The reason behind removing your kidney will be discussed along with you. Before the operation is completed it is usual to perform various scans and blood tests so that the surgeon has just as much details about the diseased or cancerous kidney as you possibly can. These tests also make sure that the remaining kidney is working normally. Providing how the remaining kidney is functioning normally you will not desire to make any change to your lifestyle (eg diet) or activities following the operation. Possible results in the procedure are outlined below. However, for those who have any concerns please discuss all of them with nursing and medical staff because it is essential that you understand what will occur to you. You is going to be asked to sign a consent form before undergoing the operation but you may withdraw your consent at any time. Some patients experience temporary shoulder tip pain and abdominal bloating every day and night following the operation. This are closely related to inflation of the abdominal cavity with gas throughout the operation. Using the retro-peritoneal approach decreases this side effect. Mild painkillers are often adequate to control the pain. Occasionally following this operation, infection, or a hernia, may exist in a number of from the incisions requiring further treatment. This happens very rarely when the surgeon uses the retro-peritoneal approach.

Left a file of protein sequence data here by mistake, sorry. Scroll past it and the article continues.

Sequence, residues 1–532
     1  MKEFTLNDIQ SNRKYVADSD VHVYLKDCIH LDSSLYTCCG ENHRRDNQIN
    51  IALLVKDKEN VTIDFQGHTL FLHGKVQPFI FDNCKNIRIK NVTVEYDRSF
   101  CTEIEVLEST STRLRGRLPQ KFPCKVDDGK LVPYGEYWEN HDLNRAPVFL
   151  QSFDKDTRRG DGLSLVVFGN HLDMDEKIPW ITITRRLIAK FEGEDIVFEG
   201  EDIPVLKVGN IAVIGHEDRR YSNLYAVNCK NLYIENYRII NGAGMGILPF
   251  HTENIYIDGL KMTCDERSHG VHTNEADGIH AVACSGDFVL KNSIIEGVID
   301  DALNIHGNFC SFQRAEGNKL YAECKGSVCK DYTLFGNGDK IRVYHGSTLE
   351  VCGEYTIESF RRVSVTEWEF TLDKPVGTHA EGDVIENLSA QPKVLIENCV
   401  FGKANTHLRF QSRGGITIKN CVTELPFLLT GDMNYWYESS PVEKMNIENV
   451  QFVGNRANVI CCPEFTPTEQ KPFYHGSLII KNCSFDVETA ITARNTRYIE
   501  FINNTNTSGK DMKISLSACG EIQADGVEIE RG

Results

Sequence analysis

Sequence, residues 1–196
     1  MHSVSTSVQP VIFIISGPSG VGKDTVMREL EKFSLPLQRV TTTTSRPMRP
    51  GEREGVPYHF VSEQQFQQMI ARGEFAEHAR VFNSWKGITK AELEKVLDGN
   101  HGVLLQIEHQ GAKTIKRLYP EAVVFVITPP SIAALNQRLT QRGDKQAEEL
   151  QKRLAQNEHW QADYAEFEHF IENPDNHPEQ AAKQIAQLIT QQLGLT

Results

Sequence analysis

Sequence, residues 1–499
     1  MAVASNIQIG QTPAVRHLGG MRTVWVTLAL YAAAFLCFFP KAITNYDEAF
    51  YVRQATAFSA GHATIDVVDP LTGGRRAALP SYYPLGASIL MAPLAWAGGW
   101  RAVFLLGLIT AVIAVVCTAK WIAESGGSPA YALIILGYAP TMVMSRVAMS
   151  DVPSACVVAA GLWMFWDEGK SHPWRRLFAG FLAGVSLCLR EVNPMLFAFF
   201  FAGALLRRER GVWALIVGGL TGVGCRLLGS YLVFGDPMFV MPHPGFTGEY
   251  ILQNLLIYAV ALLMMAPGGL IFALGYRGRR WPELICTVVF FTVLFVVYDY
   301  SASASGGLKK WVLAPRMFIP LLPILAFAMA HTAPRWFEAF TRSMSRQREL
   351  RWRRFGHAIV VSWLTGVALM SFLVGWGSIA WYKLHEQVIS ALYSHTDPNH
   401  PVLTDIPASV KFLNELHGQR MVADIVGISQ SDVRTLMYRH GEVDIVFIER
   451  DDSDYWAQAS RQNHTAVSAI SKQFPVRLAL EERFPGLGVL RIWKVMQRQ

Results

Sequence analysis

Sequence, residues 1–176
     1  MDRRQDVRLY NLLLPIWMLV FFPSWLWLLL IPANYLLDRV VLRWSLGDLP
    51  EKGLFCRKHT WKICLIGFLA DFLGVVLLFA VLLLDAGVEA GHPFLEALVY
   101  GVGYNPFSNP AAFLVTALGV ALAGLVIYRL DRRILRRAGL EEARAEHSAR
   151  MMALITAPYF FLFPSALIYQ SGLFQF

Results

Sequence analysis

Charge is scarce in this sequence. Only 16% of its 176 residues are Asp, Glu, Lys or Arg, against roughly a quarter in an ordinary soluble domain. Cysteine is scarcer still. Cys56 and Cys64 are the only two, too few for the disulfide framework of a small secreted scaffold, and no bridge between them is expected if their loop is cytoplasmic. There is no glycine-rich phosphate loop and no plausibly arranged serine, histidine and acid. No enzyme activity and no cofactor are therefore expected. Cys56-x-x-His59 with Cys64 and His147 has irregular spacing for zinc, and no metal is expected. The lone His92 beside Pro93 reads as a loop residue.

- Bleeding can occur throughout the surgery such that the surgeon needs to abandon the keyhole approach and employ the conventional open approach to kidney removal. If this happens a blood transfusion may be required.
- During the operation the lung cavity might be entered which is repaired during the procedure without any extra incisions.
- Recognised (and unrecognised) injury to surrounding organs or arteries may occur, requiring conversion towards the open surgical approach, or deferred open surgery.
- Problems with the anaesthetic, or heart or circulation system complications may occur requiring admission towards the Intensive Care Unit. Such complications incorporate a chest infection, clot/s on the lungs or perhaps in the legs, a stroke or perhaps a cardiac arrest. These are not specific to laparoscopic procedures.
What happens prior to the operation?
You will usually attend a pre-assessment clinic before your operation. The purpose of this appointment would be to organise anymore tests which may be needed, and check your fitness for that operation. A member of the nursing staff and one from the doctors in the surgeons team will see you.